How to save tomato seeds...

22 March, 2014

At the farmers market the other week I succumbed to the most fabulous looking tomatoes.

I mean, who could resist these? The first two were from on place that sells about 10 different tomato types (some of which I grew for myself this year), and the one on the end was from a seller that only had one type of tomato, and only tomatoes. But they were HUGE! I mean, bread and butter plate huge. Bigger than your hand huge. I had to have one, so I bought the smallest one I could find as I already had bought more produce than I could fit in my bike panniers.

But I didn't buy them to eat them (though I did that too) but to grow them.

Unfortunately saving seed from these tomatoes comes with no guarantee. While tomatoes can with care be self-pollinated to ensure (as much as is possible) a true to type seed, these were grown amongst other toms which means with bees doing their biz, the seeds contained within may be of any kind of mixed parentage.

However, I'm prepared to give it a go.

About a week ago I chopped open the tomatoes and squeezed the juicy, seedy innards into my gorgeous weck jars. Sadly, by this time I had completely forgotten the names of each of these seeds, so I labelled them as best I could.

These were left on my kitchen windowsill to get their mould on. This needs to be done when saving tomato seeds as the seed coat contains a compound which inhibits germination. This is quite clever as you don't want seeds sprouting in your fresh tomato, nor do the seeds want to sprout there as its really not the best place for a tomato to grow. Even more cleverly this compound is broken down by mould growth, so when a tomato falls in a natural environment and the tomato decomposes, the seeds are all ready to grow when suitable conditions appear.

I mimic this by letting the tomato seeds and juicy pulp get all mouldy.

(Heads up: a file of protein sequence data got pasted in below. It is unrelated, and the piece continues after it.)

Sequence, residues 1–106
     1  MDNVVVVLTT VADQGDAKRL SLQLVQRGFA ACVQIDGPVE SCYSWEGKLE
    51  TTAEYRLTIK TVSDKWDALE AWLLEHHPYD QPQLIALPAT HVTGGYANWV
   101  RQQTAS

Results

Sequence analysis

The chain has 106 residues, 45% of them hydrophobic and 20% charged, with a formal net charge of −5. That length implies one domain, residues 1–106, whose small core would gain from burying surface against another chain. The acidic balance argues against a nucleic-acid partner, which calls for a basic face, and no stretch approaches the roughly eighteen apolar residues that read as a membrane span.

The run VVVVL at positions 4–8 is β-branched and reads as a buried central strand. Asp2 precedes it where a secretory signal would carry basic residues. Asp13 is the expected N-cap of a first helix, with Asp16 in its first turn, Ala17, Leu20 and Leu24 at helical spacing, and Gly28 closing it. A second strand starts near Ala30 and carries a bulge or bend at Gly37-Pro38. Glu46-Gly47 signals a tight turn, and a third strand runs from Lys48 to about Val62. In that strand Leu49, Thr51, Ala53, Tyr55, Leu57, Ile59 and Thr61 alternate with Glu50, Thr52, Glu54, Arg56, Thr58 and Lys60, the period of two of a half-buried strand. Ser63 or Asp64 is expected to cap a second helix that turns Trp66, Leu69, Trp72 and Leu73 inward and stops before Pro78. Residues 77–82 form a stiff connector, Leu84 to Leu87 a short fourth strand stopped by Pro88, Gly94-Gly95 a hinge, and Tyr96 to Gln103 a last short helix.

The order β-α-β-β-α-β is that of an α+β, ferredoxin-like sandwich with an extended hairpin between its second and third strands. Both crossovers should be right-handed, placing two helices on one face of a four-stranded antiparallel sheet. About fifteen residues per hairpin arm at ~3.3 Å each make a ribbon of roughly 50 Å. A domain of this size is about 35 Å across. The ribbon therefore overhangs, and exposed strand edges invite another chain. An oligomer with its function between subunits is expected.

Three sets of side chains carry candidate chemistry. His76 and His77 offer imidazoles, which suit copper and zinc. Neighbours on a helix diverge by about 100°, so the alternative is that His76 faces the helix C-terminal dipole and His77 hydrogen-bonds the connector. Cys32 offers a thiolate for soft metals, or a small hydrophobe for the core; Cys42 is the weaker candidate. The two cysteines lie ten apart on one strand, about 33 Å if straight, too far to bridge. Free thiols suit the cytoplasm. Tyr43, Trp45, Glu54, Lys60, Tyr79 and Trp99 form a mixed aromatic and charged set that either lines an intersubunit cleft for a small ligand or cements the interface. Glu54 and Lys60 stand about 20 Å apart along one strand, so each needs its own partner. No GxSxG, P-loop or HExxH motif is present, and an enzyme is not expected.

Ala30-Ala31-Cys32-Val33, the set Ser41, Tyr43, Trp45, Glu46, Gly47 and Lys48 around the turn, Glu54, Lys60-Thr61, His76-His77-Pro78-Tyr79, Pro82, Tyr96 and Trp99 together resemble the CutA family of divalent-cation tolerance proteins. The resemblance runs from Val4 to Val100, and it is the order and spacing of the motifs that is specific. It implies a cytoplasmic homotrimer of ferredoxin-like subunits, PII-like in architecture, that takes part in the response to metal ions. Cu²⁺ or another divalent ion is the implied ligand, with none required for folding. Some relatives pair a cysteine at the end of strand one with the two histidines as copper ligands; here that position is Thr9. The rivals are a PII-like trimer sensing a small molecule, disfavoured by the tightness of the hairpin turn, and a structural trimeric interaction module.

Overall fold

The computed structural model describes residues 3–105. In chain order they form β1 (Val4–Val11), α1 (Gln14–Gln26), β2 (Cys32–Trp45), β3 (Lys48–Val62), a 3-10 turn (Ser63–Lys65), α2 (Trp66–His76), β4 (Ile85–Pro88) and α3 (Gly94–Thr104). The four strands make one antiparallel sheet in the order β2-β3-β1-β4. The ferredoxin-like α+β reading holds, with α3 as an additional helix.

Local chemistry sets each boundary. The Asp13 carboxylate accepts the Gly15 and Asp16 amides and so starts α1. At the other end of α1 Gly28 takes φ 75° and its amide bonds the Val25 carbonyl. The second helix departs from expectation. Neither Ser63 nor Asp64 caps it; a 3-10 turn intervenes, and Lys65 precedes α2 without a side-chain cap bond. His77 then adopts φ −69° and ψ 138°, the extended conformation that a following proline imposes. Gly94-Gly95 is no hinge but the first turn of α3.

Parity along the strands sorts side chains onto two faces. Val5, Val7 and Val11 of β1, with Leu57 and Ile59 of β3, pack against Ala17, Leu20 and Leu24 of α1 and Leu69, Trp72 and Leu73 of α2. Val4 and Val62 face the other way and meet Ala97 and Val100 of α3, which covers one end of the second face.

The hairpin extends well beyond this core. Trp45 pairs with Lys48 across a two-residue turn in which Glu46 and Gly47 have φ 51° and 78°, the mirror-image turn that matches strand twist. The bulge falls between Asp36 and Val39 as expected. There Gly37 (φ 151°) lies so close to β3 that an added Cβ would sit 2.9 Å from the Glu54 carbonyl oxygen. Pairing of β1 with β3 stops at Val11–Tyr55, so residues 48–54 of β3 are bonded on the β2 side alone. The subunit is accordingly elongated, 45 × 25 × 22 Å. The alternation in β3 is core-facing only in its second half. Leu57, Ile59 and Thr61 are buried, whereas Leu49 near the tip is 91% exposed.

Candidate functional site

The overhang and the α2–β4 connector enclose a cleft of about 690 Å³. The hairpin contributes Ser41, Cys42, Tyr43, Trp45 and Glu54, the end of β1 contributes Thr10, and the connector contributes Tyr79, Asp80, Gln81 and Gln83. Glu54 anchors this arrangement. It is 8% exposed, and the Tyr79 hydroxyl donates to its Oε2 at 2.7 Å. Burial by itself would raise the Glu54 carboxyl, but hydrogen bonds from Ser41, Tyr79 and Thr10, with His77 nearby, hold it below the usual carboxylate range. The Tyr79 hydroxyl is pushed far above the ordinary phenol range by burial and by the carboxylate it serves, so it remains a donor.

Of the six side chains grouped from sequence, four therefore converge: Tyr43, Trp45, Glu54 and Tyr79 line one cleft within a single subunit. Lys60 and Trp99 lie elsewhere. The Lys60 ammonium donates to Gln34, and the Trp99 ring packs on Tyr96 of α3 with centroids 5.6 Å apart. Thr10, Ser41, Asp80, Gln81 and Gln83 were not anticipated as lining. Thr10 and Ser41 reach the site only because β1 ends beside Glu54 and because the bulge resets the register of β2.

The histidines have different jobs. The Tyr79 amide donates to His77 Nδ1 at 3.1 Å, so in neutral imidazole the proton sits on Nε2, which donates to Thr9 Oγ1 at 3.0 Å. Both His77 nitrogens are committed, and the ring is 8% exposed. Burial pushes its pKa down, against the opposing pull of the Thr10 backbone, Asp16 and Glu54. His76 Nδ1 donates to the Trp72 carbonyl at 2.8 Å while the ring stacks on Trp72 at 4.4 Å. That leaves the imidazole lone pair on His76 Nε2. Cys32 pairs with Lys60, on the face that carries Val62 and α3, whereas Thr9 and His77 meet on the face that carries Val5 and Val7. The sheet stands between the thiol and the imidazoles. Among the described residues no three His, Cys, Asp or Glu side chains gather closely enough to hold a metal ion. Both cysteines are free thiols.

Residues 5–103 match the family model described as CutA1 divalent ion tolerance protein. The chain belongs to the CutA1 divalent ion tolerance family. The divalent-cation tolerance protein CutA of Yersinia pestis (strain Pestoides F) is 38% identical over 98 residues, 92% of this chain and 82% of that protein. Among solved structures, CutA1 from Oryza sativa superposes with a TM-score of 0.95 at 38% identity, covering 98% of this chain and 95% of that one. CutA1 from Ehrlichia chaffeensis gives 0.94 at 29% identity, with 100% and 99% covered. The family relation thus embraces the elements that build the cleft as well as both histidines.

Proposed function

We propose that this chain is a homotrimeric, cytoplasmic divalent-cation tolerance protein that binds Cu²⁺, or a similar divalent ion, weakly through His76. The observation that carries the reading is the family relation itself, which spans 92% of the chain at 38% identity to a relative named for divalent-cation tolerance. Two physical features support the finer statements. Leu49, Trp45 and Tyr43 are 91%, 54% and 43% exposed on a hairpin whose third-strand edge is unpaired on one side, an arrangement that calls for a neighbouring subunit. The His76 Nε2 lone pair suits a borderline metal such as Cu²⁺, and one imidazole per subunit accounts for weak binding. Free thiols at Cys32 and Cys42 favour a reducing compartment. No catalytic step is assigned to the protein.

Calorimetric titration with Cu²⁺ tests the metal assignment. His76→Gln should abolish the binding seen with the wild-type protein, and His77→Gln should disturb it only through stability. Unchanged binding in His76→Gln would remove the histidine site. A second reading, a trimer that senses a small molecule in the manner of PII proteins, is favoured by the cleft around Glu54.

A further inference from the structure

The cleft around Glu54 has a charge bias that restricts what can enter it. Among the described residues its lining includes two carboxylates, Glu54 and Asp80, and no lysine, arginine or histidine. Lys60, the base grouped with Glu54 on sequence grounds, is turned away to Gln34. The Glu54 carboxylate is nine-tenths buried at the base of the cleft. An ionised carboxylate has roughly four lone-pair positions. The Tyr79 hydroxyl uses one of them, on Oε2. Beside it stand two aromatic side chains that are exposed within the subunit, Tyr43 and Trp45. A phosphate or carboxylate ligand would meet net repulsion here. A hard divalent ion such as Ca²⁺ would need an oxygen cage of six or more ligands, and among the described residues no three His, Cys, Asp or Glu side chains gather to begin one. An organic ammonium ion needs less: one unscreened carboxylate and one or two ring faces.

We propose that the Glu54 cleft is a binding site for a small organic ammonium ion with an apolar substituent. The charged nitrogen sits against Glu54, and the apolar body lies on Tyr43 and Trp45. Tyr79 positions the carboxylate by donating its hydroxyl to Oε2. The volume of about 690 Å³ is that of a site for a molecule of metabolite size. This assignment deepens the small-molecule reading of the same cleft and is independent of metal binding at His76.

Interestingly, the black and the huge tomato  got much more mouldy than the yellow tomato.

But I figure that should be enough.

Next step is to remove the mouldy coat, which is quite easy as it all holds together and you can easily pull it off with a spoon.

Into the compost it went. Those few extra seeds will have a chance at a composty existance.

The remaining seedy liquid is surprisingly pleasant looking.

This then gets poured into a fine sieve (as you don't want your seeds escaping) so the tomatoey juices can drain off.

Then the seeds are given a good rinse under the tap.

Nice and clean.

These then got spread out onto a plastic chopping board to dry.

These steps were repeated with the other two types, with good rinsing between to ensure the seeds weren't mixed.

Now I just need to leave them to dry well, before I pack them up and add them to the seed collection.

I can't wait for next year to come round to see what these turn out to be.


  1. Wow- I had no idea about the mould! (although it makes sense) my 'fail safe' method is just to put seeds on a piece of paper towel let them dry and put them away until spring. The seeds stay on the paper towel until they are ready to plant. If I can't remove them completely I just plant with paper towel attached.... seems to work.

    1. Interesting. I've never tried tomato seed saving, so I read up in my seed saving book. But if you have success without the fermenting step, even better. I also have tried paper towel but I find they stick together more. Either way works though.

  2. I'm so so glad you posted this because I've just been drying my tomato seeds out to save! I would have been so disappointed to get to next season and find that they don't germinate. Thanks so much :)

    1. No worries. Though given Jodie's experience above it may be an unnecessary extra step. It will be interesting to hear how you go if you've already dried them. I expect they will germinate, but maybe 50% vs 80% if you ferment them though I am just making up numbers here. I'm kinda tempted to do a trial, except I have already eaten the tomatoes :)